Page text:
SWIP UK Notice - 2nd September 2011
SWIP UK is concerned about changes to maternity provisionĀ for the REF 2014 which are likely to adversely affect women academics.
We note that under the drafted panel criteria for REF 2014, a person may submit three rather than four outputs if their personal circumstances have reduced their research time by at least fourteen months. Under this proposal, an individual who has a new child during the REF period, and takes the standard six months maternity/adoption leave will not be eligible to submit a reduced number of outputs. Indeed, an individual who has two new children, and takes the standard six months maternity/adoption leave for each child will still not qualify.
SWIP UK thus believes that the drafted criteria do not adequately recognise the impact that a new child has on the research time available to its primary carer. In failing to consider maternity leave in particular, the provisions threaten to disadvantage women. Moreover, RAE 2008 did allow a woman who had taken six months maternity leave to submit a reduced number of outputs. These provisions were included in response to evidence of gender imbalance in RAE 2001. The drafted panel criteria for REF 2014 are thus a retrograde step.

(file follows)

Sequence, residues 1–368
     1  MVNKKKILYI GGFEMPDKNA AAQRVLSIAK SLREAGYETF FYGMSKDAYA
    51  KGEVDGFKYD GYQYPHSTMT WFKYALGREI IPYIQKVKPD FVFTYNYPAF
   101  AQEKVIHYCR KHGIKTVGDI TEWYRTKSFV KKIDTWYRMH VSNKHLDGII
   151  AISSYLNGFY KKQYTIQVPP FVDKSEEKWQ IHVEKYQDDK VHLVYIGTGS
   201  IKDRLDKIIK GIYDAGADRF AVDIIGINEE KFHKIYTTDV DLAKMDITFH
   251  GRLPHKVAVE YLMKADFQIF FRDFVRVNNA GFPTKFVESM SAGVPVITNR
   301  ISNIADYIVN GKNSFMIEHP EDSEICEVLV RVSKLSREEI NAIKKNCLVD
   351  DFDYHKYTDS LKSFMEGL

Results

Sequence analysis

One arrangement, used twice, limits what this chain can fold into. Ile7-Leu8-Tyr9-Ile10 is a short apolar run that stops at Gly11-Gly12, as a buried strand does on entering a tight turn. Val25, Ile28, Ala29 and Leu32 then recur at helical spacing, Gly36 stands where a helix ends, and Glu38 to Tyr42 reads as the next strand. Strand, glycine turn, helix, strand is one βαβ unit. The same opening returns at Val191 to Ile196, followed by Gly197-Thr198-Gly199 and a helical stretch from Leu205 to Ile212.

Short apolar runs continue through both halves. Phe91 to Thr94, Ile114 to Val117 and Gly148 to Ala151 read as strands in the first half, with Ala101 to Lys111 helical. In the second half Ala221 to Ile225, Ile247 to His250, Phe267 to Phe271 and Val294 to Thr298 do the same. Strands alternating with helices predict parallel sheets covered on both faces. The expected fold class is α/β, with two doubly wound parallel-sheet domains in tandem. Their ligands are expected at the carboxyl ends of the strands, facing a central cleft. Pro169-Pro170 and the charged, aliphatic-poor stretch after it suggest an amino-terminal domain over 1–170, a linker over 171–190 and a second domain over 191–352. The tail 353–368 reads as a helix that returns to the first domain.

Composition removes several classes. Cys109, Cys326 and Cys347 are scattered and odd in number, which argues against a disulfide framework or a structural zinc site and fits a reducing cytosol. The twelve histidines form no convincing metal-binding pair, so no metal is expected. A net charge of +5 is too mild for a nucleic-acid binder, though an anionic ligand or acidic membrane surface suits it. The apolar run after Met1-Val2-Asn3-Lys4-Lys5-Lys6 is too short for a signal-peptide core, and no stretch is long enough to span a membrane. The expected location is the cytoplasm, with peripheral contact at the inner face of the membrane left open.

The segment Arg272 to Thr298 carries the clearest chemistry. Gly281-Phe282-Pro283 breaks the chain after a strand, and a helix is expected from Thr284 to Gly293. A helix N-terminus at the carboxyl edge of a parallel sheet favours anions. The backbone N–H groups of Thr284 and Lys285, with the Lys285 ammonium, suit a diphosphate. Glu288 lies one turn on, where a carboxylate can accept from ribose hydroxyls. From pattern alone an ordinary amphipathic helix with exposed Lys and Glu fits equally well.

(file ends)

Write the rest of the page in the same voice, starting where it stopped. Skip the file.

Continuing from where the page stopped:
SWIP UK therefore welcomes the revision to those criteria, suggested in paragraph 62 of the main document:
"In discussions with the REF panels, a possible alternative approach was identified to taking account of pregnancy and maternity: that staff who had periods of maternity leave during the assessment period may reduce the number of outputs by one for each discrete period of maternity leave, without penalty in the assessment. This alternative approach is based on the view that each period of maternity leave, and any associated constraints on work, is generally sufficiently disruptive of an individualĀ¹s research work to merit the reduction of an output."
But SWIP UK urges that the criteria be further revised to allow the number of outputs to be reduced by one for each discrete period of adoption leave, in recognition of the fact that adopting a new child is equally disruptive to one's research, and merits equal treatment by the Panel. Failing to do so would disadvantage primary carers of either gender.
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